In 1970, Japanese-French designer Kenzo Takada rocked Paris with the debut of his namesake fashion line. Sold out of his first boutique, called Jungle Jap, his designs were a chaotic mix of loud colors and mismatched prints inspired by his travels around the world.
Over the next three decades, he racked up numerous accolades and accomplishments — including a slew of magazine covers, the launch of a perfume empire and, in 1993, his brand’s purchase by luxury conglomerate LVMH — before retiring to pursue other creative pursuits in 1999.
(Carol Lim and Humberto Leon, founders of New York boutique Opening Ceremony, came on as the brand’s creative directors in 2011, and showed their last Kenzo collection this past June. Designer Felipe Oliveira Baptista replaced them on July 1.)
But that isn’t to say that Takada has avoided the industry completely. He has designed the costume’s for the Tokyo’s Nikikai Opera Theatre’s upcoming production of “Madame Butterly,” and recently released “Kenzo Takada,” a retrospective tome looking back at his glamorous days in fashion.
A collection of hundreds of unseen sketches and images, the book is the result of a 10-year collaboration between Takada and his close friend Kazuko Masui and, after her passing, Kazuko’s daughter, Chihiro Masui.
During a visit to New York in May to celebrate the book’s release, Takada spoke to CNN about travel, sketching and how the industry has changed.
CNN: What was it like going through your archives?
Kenzo Takada: There was so much to pick from, but the editor and the author helped to illustrate something that made sense at the time, that was visually strong and illustrated my work. I’m very glad to finish.
The sketches are very similar. (They are of) different collections, but it was about picking which collection would appear or not. I could see that in the good seasons that were actually working, we had many, many sketches, and I had much less sketches during a season that wasn’t so good.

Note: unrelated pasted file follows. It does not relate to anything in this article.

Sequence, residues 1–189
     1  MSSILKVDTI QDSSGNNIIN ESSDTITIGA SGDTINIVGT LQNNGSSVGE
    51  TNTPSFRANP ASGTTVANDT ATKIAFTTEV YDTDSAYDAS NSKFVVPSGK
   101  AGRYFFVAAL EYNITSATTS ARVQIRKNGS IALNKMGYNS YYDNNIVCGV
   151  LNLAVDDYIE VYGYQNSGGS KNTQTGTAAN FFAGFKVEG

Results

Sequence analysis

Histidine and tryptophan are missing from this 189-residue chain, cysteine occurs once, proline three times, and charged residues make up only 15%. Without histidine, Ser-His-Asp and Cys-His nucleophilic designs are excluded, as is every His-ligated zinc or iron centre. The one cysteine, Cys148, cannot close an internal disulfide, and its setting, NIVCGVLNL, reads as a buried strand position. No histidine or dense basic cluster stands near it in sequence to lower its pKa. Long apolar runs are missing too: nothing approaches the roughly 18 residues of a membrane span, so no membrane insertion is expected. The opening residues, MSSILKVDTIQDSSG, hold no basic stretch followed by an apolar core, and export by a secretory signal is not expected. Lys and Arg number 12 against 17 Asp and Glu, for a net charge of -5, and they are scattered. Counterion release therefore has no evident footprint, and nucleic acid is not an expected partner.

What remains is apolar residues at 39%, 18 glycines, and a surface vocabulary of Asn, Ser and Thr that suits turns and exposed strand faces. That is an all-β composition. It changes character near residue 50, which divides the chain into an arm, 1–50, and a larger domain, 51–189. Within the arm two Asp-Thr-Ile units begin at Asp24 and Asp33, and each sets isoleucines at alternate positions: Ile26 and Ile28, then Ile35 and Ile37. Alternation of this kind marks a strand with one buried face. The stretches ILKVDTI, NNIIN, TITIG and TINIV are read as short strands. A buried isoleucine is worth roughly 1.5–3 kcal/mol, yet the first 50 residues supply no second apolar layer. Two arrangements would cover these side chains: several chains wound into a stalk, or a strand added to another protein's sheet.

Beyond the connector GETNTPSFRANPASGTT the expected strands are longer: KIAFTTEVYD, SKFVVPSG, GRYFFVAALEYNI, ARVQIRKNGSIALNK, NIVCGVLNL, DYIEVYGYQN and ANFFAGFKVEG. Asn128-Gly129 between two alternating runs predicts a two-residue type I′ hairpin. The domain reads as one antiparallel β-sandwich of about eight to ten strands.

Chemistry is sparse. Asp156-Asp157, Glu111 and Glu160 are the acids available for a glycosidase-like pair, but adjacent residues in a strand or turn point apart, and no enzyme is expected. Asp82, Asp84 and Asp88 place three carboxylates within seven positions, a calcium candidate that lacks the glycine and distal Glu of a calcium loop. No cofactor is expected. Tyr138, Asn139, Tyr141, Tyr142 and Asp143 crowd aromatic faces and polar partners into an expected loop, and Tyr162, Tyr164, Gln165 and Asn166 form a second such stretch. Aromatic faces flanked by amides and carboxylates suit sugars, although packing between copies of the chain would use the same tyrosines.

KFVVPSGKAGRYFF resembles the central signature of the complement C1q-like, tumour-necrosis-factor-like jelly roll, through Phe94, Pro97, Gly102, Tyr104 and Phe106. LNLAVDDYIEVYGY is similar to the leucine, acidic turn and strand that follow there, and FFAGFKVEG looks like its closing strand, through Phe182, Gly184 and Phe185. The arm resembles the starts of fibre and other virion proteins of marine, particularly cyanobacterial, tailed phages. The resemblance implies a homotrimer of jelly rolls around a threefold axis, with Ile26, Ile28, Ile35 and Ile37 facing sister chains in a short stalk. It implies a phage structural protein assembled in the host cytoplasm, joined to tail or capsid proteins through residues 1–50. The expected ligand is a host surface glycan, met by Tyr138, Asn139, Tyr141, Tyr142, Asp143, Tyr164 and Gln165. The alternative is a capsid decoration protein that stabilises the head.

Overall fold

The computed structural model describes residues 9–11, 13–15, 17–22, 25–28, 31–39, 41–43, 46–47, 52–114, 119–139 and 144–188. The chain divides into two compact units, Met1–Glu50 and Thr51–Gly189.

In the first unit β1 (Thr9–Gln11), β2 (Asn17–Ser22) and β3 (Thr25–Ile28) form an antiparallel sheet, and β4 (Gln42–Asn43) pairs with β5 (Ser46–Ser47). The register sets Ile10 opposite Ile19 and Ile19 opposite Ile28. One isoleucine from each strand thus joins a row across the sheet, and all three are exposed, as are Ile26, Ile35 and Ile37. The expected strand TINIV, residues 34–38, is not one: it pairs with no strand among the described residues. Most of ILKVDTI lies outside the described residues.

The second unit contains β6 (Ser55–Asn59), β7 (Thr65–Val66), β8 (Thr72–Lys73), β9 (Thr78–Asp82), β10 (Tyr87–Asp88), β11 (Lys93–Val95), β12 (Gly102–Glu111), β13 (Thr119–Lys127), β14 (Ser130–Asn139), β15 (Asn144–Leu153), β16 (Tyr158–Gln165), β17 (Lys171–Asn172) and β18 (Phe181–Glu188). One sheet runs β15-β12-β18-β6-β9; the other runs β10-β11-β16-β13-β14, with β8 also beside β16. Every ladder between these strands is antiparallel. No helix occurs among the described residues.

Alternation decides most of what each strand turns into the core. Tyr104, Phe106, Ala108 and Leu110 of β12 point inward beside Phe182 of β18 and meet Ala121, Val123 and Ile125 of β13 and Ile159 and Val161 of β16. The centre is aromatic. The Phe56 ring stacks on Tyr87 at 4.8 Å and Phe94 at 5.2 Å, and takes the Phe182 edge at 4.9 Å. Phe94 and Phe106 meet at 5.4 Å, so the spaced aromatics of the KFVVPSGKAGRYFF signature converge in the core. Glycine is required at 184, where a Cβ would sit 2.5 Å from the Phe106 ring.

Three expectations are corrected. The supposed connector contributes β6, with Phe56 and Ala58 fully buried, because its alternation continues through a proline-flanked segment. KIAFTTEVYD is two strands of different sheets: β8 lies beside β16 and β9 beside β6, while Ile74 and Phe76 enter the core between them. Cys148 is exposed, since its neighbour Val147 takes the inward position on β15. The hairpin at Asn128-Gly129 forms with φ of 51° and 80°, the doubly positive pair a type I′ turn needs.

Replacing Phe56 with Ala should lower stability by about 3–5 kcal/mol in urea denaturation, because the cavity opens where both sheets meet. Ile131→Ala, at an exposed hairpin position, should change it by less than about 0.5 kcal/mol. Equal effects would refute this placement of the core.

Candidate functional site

The most challenging part of doing this book was mostly the organization, to find the purpose of the book and the content, because just putting sketches in was not really done before and the task was quite difficult.
Do you still sketch today?
I’m still sketching, but not for fashion today. I like fashion, but in fashion you must do something new every season: new shootings, new concepts, new materials, every single thing changes so quickly. So I stopped at the right time, I think. Now I do costumes for opera.
How much did your travels inspire your work?
Traveling gave me a lot of inspiration. In the 1970s, when I was traveling, it was not like it is today.
There was much more of a cultural gap when you were traveling from one country to the next, so that really drove me and gave me a lot of influence and inspiration to work on different things around my trips.
About 40-50 years ago, I could really see a strong difference in terms of culture, and now it’s a lot more globalized, so if you go to major cities, you see even in stores, you find the same brands and the same things. Today, it’s very good because it’s more democratic. It’s less of its own identity.
The first time I came to Paris, I took a boat. It was one month from Japan and to France and it was the first time I left Japan.
Hong Kong, Singapore, Pompeii, all kinds of different countries and places for me. I had a culture shock, it was very, very strong for me. I never thought of fashion.
I never thought these differences in cultures could be injected into fashion, in a place like France, at the time of his trip, but it influenced me later.
How did working in Paris inspire you?
Paris for me, I definitely saw it as the capital of fashion and today there’s still that certain elegance, French elegance, a French way of dressing.
A French way of working with fashion definitely influenced me and much later I started to blend other cultures into that specific fashion.
Of course now, fashion is everywhere; in New York, Paris, Milan, London, Tokyo, everywhere. But I think Paris stays very important.
Do you still follow fashion today?
I follow it, but there’s quite a lot of information now. The way of working has changed so much since I started and the process, too. Now you can see every fashion show instantly. Before you must wait three months to look.
What’s one of your favorite shows you ever did, if you had to choose one?
The first fashion show in Japan, in 1974. It was like a concert. People were paying for their place to go and watch the show. It was two shows in two days. So many, many people. The second day I saw people waiting outside before the show.
You attended some of Kenzo’s runway shows under the creative direction of Carol Lim and Humberto Leon. Do you think runway shows in general today are as interesting as they were back then?
I do go to some fashion shows, but they’ve changed and now it’s about having many people. Now, a show is very short. Only 30-40 looks. Models don’t smile, and people take pictures, pictures, pictures.
Everyone is on the phone. When they finish, nobody claps really anymore at the end. They only take pictures. That changed it. It’s a big change for me.
What would you do if you weren’t working in fashion?
Something around art or creativity. Nothing too corporate. It would have to be something creative.
“Kenzo Takada” by Kazuko Masui and Chihiro Masui is published by ACC Art Books.
This interview has been edited for length and clarity.
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